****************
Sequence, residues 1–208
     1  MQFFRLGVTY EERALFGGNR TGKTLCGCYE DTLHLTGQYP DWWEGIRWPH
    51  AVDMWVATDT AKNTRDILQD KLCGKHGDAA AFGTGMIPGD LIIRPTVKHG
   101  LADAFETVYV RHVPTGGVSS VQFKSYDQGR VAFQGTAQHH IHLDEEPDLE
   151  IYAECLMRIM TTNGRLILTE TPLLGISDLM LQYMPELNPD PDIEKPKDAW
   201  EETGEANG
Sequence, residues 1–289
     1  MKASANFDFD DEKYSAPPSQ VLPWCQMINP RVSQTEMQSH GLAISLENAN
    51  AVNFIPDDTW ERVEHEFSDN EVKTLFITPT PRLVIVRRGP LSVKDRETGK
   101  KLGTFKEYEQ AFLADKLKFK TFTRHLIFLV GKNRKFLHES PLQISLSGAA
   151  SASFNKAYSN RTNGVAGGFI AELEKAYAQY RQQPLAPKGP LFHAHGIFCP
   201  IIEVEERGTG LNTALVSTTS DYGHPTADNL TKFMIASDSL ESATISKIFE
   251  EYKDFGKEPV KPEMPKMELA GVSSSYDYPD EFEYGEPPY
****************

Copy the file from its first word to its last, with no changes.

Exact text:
Sequence, residues 1–208
     1  MQFFRLGVTY EERALFGGNR TGKTLCGCYE DTLHLTGQYP DWWEGIRWPH
    51  AVDMWVATDT AKNTRDILQD KLCGKHGDAA AFGTGMIPGD LIIRPTVKHG
   101  LADAFETVYV RHVPTGGVSS VQFKSYDQGR VAFQGTAQHH IHLDEEPDLE
   151  IYAECLMRIM TTNGRLILTE TPLLGISDLM LQYMPELNPD PDIEKPKDAW
   201  EETGEANG
Sequence, residues 1–289
     1  MKASANFDFD DEKYSAPPSQ VLPWCQMINP RVSQTEMQSH GLAISLENAN
    51  AVNFIPDDTW ERVEHEFSDN EVKTLFITPT PRLVIVRRGP LSVKDRETGK
   101  KLGTFKEYEQ AFLADKLKFK TFTRHLIFLV GKNRKFLHES PLQISLSGAA
   151  SASFNKAYSN RTNGVAGGFI AELEKAYAQY RQQPLAPKGP LFHAHGIFCP
   201  IIEVEERGTG LNTALVSTTS DYGHPTADNL TKFMIASDSL ESATISKIFE
   251  EYKDFGKEPV KPEMPKMELA GVSSSYDYPD EFEYGEPPY